Jong-kook Kim

From BR Bullpen

Jong-kook Kim

  • Bats Right, Throws Right
  • Height 5' 9", Weight 183 lb.

Biographical Information[edit]

Jong-kook Kim has been a long-time infielder in the Korea Baseball Organization who has also played on the South Korean national team. He led the KBO in stolen bases once and won one Gold Glove award during his career.

Kim hit .314/.400/.571 with 13 runs and 10 RBI in 10 games in the 1994 Baseball World Cup to help South Korea win a Silver Medal. German Mesa was named the tourney's All-Star SS ahead of Kim, who in turn clearly outhit future MLBer Russ Johnson at the position. He won Silver in the 1994 Asian Games. Kim was named the All-Star SS in the 1995 Asian Championship, in which South Korea won Silver and a spot in the 1996 Olympics.

He debuted professionally with the Haitai Tigers in the KBO in 1996. He hit .215/~.287/.350 and stole 22 bases as a rookie.

Kim batted .210/~.285/.323 with 13 steals in his second season, remaining a regular. His playing time fell to 42 games in 1998 (.232/~.294/.312) and just two games in 1999. By 2000, he was back to 86 games and hitting .259/~.329/.342.

In 2001, the Korea University alumnus batted .285/~.365/.377 as he emerged as a respectable offensive player for a middle infielder. He stole 21 bases, the first time since his rookie year that he had reached 20. The team was now the KIA Tigers.

He hit .287/~.364/.393 in 2002, his career season. He scored 95 runs and led the KBO with 50 steals (in 59 tries); he never topped 70 runs any other season. He won the KBO Gold Glove Award at second base that year. He hit .150 with five walks for South Korea when they won the 2002 Asian Games, starting at 2B. He did his best work in the semifinals and Gold Medal Game, going 2 for 6 (1 for 14 coming in) with 3 walks; his lone RBI came in the Gold Medal contest.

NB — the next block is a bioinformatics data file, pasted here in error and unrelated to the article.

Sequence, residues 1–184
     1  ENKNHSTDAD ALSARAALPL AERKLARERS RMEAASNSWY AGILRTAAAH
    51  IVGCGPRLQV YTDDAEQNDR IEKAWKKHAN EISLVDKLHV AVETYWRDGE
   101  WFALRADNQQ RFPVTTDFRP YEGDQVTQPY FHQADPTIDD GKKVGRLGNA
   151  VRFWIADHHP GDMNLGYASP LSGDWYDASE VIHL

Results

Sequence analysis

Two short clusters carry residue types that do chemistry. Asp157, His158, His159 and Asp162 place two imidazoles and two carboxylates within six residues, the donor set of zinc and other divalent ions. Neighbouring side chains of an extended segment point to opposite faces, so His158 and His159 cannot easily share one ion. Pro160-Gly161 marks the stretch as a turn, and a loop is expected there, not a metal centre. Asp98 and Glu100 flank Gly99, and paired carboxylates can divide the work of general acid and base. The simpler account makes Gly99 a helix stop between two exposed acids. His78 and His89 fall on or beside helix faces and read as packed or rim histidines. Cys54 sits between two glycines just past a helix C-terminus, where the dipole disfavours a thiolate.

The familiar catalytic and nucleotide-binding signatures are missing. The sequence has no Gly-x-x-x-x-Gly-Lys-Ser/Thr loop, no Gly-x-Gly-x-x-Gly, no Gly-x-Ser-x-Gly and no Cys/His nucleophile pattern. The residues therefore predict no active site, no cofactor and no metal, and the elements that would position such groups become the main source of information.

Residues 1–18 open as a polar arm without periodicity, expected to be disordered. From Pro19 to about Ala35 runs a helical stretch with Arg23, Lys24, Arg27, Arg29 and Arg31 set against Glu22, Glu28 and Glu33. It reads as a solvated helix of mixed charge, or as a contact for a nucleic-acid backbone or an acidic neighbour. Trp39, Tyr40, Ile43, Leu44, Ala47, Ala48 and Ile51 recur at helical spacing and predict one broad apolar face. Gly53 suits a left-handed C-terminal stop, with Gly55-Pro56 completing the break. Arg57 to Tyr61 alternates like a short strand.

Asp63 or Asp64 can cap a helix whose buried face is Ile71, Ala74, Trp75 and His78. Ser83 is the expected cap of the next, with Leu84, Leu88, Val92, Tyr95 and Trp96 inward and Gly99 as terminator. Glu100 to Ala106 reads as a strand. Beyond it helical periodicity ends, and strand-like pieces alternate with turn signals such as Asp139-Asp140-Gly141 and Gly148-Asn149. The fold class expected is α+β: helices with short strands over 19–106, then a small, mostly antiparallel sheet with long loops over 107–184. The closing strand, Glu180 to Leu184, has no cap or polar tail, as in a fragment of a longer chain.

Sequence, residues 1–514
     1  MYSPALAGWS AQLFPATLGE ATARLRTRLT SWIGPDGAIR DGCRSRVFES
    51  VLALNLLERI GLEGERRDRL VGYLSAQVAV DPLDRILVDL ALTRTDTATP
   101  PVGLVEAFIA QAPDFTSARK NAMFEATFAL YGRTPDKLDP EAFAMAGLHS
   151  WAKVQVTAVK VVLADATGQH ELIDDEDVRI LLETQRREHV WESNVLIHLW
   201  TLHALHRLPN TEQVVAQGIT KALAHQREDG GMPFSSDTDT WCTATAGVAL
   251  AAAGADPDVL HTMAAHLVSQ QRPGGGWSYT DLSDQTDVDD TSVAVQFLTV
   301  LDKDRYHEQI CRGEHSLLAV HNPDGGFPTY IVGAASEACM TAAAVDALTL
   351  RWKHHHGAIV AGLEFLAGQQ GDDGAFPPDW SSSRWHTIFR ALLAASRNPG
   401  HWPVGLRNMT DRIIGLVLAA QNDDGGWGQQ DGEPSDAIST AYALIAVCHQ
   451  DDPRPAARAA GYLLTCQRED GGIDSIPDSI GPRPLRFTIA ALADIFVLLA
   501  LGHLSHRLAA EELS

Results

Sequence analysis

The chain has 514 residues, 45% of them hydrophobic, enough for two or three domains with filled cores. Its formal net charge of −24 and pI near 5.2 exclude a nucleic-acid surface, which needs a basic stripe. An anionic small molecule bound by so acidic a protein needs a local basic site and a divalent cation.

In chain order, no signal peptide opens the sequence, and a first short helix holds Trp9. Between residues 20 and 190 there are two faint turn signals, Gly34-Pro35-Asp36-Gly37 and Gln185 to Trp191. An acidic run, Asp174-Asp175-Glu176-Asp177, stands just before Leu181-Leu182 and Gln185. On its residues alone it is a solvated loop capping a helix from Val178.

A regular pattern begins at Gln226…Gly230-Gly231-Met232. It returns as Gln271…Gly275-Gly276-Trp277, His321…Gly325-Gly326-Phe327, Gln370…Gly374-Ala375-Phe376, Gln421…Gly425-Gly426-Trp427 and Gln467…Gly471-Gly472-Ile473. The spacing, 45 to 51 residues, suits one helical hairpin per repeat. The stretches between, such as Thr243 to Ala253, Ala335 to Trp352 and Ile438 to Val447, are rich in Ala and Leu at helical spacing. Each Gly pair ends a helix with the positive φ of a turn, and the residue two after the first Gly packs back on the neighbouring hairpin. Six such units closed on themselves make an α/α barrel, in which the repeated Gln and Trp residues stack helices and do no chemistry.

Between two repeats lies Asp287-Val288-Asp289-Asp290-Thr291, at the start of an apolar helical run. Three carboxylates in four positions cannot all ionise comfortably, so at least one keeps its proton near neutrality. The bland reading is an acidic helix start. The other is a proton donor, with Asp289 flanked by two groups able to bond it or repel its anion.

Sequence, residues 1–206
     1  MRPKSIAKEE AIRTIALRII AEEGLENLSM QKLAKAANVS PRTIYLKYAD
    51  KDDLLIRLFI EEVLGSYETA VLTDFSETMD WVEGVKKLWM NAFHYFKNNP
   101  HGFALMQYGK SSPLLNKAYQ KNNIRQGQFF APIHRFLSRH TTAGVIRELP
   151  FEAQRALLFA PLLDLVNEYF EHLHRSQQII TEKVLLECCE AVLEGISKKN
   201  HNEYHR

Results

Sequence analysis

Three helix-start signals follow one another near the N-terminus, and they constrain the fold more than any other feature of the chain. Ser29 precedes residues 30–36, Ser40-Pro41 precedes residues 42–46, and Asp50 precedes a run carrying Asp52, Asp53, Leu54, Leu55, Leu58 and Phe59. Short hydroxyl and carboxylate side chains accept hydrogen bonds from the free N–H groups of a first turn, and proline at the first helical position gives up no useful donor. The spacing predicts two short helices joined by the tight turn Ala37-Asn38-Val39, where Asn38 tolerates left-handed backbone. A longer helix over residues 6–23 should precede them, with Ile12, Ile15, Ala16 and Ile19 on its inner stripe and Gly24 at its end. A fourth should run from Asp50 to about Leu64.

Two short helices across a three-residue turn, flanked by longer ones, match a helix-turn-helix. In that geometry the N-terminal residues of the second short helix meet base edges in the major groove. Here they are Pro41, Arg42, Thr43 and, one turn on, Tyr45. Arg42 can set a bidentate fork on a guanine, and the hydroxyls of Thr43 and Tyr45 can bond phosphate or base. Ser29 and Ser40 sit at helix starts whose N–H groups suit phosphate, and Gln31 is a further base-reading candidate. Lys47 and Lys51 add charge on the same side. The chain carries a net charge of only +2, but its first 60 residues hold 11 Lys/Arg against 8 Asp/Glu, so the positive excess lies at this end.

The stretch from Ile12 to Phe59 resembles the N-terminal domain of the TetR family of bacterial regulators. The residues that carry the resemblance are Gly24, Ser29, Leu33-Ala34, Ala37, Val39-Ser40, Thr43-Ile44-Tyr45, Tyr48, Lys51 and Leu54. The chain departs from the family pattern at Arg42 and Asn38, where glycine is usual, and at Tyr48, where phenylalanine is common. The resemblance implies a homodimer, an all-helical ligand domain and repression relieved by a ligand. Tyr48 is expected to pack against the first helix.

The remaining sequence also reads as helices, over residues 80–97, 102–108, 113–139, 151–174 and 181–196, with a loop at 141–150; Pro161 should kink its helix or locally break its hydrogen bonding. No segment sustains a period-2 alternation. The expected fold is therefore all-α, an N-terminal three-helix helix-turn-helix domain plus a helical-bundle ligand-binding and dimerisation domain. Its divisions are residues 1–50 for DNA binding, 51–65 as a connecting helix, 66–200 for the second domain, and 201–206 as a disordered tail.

In 2003, the infielder batted .250/~.334/.343 and swiped 31 bases. He won Bronze in the 2003 Asian Championship. The next year, he hit .261/~.334/.371. His 10 homers were the most since he had clouted 11 as a rookie and he stole 39 bases. In 2005, Kim's batting line read .235/~.309/.324. Through 2005, he tied Jae-hong Park for 10th in KBO history in steals (210) and was 28th with 630 strikeouts.

The light-hitting infielder was one of the surprises of the 2006 World Baseball Classic, going 4 for 10 with 2 doubles, 2 runs, one RBI and one stolen base in four games for the successful South Korean entry.

Falling back to Earth during the regular season, Kim hit .226/~.288/.294 for KIA with 16 stolen bases in 2006. In 2007, he batted .240/~.345/.349 in 92 games. It was the first time in 7 years he did not play in 100 or more games.

Through 2007, Kim's career batting line is .248/~.325/.349 and he has stolen 239 bases in 1,194 games in the KBO.

Sources: KBO player page, Defunct IBAF site, World Baseball Classic site, KBO yearly leaders, KBO career leaders